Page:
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[1062a] [1] nor admit of any other similar pair of opposites. Of such axioms although there is a proof ad hominem, there is no absolute proof;because there is no principle more convincing than the axiom itself on which to base an argument, whereas there must be such a principle if there is to be absolute proof. But he who wants to convince an opponent who makes opposite statements that he is wrong must obtain from him an admission which shall be identical with the proposition that the same thing cannot at one and the same time be and not be, but shall seem not to be identical with it. This is the only method of proof which can be used against one who maintains that opposite statements can be truly made about the same subject.Now those who intend to join in discussion must understand one another to some extent; for without this how can there be any common discussion between them? Therefore each of the terms which they use must be intelligible and signify something; not several things, but one only; or if it signifies more than one thing, it must be made clear to which of these the term is applied.Now he who says that A is and is not denies what he asserts, and therefore denies that the term signifies what it does signify. But this is impossible. Therefore if "to be so-and-so" has a definite meaning, the opposite statement about the same subject cannot be true.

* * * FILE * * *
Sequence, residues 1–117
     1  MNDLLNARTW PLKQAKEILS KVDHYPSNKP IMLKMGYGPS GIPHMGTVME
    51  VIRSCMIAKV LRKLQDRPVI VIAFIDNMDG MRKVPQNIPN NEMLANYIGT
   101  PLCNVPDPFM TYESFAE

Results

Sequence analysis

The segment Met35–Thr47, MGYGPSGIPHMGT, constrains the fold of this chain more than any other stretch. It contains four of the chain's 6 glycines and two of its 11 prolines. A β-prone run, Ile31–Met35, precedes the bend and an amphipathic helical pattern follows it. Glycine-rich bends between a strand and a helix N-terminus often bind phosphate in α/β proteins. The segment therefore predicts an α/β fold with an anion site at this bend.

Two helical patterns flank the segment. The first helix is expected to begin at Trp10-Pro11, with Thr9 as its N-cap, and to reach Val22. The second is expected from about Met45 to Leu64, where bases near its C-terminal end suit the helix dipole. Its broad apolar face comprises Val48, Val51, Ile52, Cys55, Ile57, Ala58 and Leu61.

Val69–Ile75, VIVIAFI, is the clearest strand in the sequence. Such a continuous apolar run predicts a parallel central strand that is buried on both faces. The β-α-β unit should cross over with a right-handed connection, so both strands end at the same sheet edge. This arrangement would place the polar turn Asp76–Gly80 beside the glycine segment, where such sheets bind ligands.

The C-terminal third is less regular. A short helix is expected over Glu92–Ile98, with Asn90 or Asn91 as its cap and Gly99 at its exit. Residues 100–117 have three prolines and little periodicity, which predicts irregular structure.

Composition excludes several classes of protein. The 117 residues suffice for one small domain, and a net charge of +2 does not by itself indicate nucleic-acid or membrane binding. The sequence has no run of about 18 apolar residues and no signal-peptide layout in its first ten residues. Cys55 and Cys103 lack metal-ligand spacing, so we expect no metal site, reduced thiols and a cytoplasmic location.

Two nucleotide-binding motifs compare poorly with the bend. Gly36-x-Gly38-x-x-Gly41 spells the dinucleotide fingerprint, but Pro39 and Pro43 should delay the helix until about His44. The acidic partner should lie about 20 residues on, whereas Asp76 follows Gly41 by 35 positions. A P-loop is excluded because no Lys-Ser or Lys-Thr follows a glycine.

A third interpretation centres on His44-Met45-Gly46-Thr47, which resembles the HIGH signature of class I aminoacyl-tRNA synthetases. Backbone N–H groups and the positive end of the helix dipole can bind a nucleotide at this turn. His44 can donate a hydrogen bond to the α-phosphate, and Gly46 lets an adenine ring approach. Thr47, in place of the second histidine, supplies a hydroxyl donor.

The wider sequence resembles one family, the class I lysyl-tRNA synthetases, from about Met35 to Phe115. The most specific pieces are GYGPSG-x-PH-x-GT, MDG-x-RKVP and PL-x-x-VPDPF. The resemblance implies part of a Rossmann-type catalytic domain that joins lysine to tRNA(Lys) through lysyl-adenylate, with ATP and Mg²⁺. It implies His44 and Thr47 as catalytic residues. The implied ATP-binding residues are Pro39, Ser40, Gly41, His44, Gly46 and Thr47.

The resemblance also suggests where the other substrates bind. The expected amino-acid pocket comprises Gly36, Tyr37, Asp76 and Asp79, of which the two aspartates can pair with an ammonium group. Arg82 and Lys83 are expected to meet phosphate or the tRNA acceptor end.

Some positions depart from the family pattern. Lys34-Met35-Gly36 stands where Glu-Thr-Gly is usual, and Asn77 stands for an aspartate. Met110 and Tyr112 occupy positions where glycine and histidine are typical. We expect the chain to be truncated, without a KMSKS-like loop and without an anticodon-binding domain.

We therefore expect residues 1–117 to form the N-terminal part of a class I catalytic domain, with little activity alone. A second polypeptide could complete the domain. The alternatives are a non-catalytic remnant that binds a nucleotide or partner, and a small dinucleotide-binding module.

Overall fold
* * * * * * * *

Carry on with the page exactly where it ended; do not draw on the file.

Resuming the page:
[20] Again, if the term has a definite significance and this is truly stated, it must of necessity be so.1 But that which of necessity is can never not be. Hence opposite statements about the same subject cannot be true.

Again, if the assertion is no more true than the negation, it will be no more true to say "A is man" than to say "A is not man."2 But it would also be admitted that it is more or at least not less true to say that a man is not a horse than to say that he is not a man; and therefore, since it was assumed that opposite statements are equally true, it will be true to say that the same person is also a horse. It follows therefore, that the same person is a man and a horse, or any other animal.

Thus, although there is no absolute proof of these axioms, there is an ad hominem proof where one's opponent makes these assumptions.3 Perhaps even Heraclitus himself, if he had been questioned on these lines, would have been compelled to admit that opposite statements can never be true of the same subjects; as it is, he adopted this theory through ignorance of what his doctrine implied.In general,4 if what he says is true, not even this statement itself

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